# [OT] -10^2

Klaus Major klaus at major-k.de
Thu May 22 12:15:00 EDT 2003

```Hi folks,

>> Hope I don't get flamed for this, but I don't agree.
>> :-)  Someone feel free to dispute me if I'm wrong, but
>> I think Rev is correct. Isn't -10^2 the same as -10*-10
>
> Totally agree with you...
> I read -10^2 as (-10)^2 not -(10^2)
>
> As the interpretation seems to be in the eye of the beholder, then to
> save
> creating any doubt I'd always recommend parenthesis.
>
> Gary Rathbone BSc MBCS

sorry, this is a lenghty but necessary post ;-)

This is from the MC help file and help understand what RR is doing here:
(...and is a good info anyway ;-)

> Operators:
>
> Order 1:
>   ()            # groups an expression
>
> Order 2:
>   -             # unary minus (e.g., -4)

!!!

Yes, i also was a bit surprised by that...

This operator comes BEFORE...

>   not           # make the opposite of a boolean
>   bitNot        # bitwise negation
>   there is      # check existence of an object
>
> Order 3:
>   ^             # raise a number to a power

...this one, which should explain RRs behaviour...

> Order 4:
>   *             # multiply two numbers
>   /             # divide one number by another
>   div           # integer divide (no fractional part)
>   mod           # remainder after a div
>
> Order 5:
>   +             # add two numbers
>   -             # subtract two numbers
>
> Order 6:
>   &             # concatenates two strings
>   &&            # concats, but inserts a space
>   ,             # concats, but inserts a comma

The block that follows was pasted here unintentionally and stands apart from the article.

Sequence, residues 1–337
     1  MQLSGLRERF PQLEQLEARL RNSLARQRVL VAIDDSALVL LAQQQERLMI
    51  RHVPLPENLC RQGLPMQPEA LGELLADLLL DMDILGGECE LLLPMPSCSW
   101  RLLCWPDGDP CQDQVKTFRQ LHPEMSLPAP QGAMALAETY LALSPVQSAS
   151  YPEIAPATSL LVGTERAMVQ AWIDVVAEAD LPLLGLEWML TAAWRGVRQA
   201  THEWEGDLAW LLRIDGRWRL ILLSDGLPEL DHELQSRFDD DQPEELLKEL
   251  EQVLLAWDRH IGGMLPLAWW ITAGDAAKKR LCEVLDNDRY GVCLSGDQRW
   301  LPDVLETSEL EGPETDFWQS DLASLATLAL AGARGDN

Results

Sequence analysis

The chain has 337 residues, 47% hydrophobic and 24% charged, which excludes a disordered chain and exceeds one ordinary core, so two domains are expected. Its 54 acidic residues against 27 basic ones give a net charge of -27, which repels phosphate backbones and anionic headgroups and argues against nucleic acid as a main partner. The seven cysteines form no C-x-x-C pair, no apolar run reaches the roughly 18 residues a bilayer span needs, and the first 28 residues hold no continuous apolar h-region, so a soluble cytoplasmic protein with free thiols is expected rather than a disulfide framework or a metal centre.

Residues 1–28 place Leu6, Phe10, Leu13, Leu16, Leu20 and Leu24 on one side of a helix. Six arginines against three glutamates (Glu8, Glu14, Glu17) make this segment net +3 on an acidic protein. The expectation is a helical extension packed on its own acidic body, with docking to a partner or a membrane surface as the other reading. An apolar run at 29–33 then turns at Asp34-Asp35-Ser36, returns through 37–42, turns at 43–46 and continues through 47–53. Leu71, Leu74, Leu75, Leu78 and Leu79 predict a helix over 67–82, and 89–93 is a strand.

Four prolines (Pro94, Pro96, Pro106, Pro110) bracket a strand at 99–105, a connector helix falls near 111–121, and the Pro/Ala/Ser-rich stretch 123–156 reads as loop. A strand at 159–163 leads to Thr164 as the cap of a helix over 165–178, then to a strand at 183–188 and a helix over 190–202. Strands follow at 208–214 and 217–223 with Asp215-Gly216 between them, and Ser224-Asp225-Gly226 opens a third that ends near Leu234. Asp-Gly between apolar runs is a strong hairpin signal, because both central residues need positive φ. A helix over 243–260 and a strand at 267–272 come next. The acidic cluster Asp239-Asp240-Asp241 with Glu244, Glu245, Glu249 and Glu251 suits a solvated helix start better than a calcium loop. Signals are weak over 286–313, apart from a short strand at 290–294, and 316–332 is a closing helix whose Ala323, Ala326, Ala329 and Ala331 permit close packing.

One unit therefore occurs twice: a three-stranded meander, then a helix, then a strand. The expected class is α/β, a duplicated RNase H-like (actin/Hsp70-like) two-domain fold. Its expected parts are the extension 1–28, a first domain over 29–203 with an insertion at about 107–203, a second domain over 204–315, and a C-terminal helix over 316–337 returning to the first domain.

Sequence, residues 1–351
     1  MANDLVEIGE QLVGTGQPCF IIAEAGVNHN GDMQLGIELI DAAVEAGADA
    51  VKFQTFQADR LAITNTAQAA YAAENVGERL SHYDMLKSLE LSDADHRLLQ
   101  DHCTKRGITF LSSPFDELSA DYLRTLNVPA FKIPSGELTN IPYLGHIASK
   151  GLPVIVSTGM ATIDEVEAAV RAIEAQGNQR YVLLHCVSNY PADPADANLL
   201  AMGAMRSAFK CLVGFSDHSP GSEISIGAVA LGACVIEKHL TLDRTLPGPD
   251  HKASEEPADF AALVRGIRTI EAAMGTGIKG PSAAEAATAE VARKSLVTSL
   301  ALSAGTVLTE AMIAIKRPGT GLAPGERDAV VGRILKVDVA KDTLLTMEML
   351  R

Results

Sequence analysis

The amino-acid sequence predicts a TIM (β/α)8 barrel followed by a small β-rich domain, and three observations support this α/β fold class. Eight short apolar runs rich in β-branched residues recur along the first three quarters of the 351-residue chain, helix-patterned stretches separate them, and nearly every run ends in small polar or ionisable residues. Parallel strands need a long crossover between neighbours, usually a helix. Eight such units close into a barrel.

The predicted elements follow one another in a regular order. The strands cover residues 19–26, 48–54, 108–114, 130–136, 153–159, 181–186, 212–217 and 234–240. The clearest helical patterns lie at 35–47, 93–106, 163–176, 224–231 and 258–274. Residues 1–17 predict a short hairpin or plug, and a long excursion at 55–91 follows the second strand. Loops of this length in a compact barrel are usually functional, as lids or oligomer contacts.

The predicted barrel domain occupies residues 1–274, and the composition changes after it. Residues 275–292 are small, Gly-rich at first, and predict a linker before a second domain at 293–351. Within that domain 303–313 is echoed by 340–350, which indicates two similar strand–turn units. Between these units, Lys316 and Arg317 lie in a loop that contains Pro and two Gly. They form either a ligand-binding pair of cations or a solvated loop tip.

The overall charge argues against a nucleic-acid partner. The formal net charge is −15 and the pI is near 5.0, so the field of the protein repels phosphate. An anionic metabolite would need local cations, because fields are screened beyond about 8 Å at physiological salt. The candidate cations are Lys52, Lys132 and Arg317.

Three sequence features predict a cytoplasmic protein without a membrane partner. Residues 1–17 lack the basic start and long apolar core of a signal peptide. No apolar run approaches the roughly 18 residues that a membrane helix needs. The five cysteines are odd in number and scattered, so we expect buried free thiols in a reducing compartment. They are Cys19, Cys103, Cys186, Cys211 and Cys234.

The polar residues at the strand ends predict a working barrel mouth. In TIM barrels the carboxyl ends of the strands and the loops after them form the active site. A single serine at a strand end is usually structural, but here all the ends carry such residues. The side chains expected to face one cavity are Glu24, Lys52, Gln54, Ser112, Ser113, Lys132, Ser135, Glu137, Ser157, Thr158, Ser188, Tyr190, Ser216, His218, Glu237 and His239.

>
> Order 7:       compares numbers or strings (boolean)
>   <             # less than
>   <=            # less than or equal to
>   >             # greater than
>   >=            # greater than or equal to
>   contains      # first string contains second
>   is among      # first string is a whole chunk in second
>   is not among  # first string is not a whole chunk in second
>   is in         # first string is a substring of second
>   is not in     # 1st string is not a substring of 2nd
>   is within     # point is in a rectangle
>   is not within # point is not in a rectangle
>   is a(n)       # type check
>   is not a(n)   # type check
>
> Order 8:       compares numbers or strings (boolean)
>   =             # equal
>   <>            # not equal
>   is            # equal
>   is not        # not equal
>
> Order 9:
>   bitAnd        # bitwise and
>
> Order 10:
>   bitXor        # bitwise exclusive or
>
> Order 11:
>   bitOr         # bitwise or
>
> Order 12:
>   and           # compare boolean expressions
>
> Order 13:
>   or            # compare boolean expressions
>
> The boolean operators return either true or false and can be used as
> the condition of an if construct.  The bitwise operators can only be
> used on numbers, and operate directly on the binary representation of
> the numbers.
>
> The validation operator "there" is used to verify that an object
> exists before trying to access it.  You can use it with any object
> type (background, button, card, field, group, image, scrollbar, stack)
> or the word "file", "directory", or "process".  For example, to
> prevent errors when a user clicks on a term that does not have a card
> describing it, the following statements are used in a mouseUp handler
> in this stack:
>
> if there is a card the clickText
> then go to card the clickText
>
> The sense of the "there" operator can be reversed with the word "no"
> as in:
>
> there is no file "myfile.txt"
>
> The is operator can be used to compare strings or numbers, as strings
> or numbers, but also to determine if the source is a complete chunk
> (word, item, or line) within the destination.  This use is similar to
> the contains operator, and the itemOffset, lineOffset, and wordOffset
> functions when the wholeMatches property is set to true:
> put "3" is among the items of "22,33,44" #returns false
> put "3" is among the words of "2 3 4"    #returns true
>
> The is operator can also be used as a validation operator:
>
> if field "size" is a number
> then add 10 to field "size"
>
> The types that can be verified are date, number, integer, point, rect,
> and boolean.

Hope that helps...

Regards

Klaus Major
klaus at major-k.de

```